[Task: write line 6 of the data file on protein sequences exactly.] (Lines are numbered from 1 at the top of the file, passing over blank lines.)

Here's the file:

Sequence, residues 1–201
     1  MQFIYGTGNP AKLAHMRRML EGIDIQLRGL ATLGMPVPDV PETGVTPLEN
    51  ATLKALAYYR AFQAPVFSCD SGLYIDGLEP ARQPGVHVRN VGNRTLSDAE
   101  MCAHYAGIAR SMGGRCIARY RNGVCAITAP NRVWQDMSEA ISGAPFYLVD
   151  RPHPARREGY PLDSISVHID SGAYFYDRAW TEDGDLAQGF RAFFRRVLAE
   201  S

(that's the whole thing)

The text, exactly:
   201  S